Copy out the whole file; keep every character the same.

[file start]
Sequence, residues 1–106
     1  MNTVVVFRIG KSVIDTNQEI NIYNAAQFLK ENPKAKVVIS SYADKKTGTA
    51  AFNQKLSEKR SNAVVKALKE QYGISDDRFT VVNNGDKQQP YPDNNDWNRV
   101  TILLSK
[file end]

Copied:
Sequence, residues 1–106
     1  MNTVVVFRIG KSVIDTNQEI NIYNAAQFLK ENPKAKVVIS SYADKKTGTA
    51  AFNQKLSEKR SNAVVKALKE QYGISDDRFT VVNNGDKQQP YPDNNDWNRV
   101  TILLSK